These men were drawn by romanticized visions of the past, hoping to dabble in danger while leading to newfound wealth in distant lands. An entire network of these (nearly all) men spanned multiple continents, betting on the continued profitability of the American model. Frederick Russell Burnham, an adventurer who spent time in Mexico, the Yukon, and throughout Africa, evoked this global network when he said, “Yeaton is now off to Venezuela with an old-time prospector whom I knew in Tombstone forty years ago. They are going down to the district where Bob Adams of Alaska has made the big gold.”
This class of western dreamers flourished between 1890 and 1917. They shared tales of self-perceived glory in clubs (e.g., the Rocky Mountain Club of New York) and periodicals (e.g., Adventure magazine) and they could be found in every major conflict of the era. Figures like William (“Buffalo Bill”) Cody, Cecil Rhodes, and Theodore Roosevelt stood as exemplars of their worldview, extolling, in Roosevelt’s words, the “barbarian virtues” together with the conservation movement of the Progressive Era.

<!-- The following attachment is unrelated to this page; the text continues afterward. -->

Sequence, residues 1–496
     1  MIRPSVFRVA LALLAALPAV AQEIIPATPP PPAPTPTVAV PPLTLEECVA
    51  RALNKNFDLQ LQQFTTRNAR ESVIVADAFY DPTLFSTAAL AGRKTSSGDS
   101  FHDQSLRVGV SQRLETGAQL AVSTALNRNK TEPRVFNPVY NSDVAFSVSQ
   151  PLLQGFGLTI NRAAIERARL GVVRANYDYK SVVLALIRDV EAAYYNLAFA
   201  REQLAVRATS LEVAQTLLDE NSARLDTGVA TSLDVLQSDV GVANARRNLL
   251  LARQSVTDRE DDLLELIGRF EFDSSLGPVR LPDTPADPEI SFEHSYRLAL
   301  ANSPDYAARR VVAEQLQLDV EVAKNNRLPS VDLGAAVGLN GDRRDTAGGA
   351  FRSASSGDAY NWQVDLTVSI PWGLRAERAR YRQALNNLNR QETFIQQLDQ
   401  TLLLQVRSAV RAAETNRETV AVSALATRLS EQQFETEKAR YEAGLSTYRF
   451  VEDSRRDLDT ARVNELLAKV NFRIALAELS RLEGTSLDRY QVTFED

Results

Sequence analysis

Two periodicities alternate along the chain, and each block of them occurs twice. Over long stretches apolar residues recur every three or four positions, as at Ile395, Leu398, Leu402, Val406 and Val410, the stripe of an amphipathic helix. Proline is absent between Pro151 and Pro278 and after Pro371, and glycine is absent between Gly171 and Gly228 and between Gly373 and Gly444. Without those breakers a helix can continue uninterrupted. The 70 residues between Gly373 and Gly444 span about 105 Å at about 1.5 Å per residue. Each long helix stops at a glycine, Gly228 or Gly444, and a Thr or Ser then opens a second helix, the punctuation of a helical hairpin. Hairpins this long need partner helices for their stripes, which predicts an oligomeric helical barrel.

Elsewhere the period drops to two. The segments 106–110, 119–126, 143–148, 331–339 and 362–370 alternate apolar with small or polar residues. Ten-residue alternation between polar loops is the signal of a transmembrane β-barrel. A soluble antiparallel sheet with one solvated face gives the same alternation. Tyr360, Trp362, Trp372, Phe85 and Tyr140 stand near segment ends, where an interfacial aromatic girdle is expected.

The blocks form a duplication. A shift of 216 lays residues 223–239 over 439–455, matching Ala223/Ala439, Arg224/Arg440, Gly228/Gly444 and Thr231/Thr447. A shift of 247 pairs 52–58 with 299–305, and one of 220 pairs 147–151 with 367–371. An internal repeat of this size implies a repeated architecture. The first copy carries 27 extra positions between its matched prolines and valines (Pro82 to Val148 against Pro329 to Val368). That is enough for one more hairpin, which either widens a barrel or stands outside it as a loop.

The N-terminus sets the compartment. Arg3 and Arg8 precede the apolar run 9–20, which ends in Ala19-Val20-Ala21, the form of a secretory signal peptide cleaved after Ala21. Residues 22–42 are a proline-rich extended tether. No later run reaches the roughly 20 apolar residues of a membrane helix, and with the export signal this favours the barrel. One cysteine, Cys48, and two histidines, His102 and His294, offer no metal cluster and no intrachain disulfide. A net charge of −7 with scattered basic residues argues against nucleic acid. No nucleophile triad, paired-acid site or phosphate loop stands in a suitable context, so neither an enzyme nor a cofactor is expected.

In this unique historical moment, the Boy Scouts of America was born, an organization that combined military preparedness with environmental sensibilities. Inspired by a class of international mercenary men, first developed in England and then adopted around the world, the Boy Scout Movement might appear to the public today as a truly American organization. It certainly does good work, and Eagle Scouts number among the most active and productive members of U.S. society. But the organization’s international roots extend deep into this murky historical moment, with the apotheosis of a romanticized West and the entrenchment of capitalism.
These adventurers (and the companies they often formed or protected) answered the frontier question by keeping to the proven American pattern overseas. But this inevitably led to conflict and, in the best of cases, questions of governing peoples far removed from the mainland United States, peoples who did not care for its “empire of liberty.”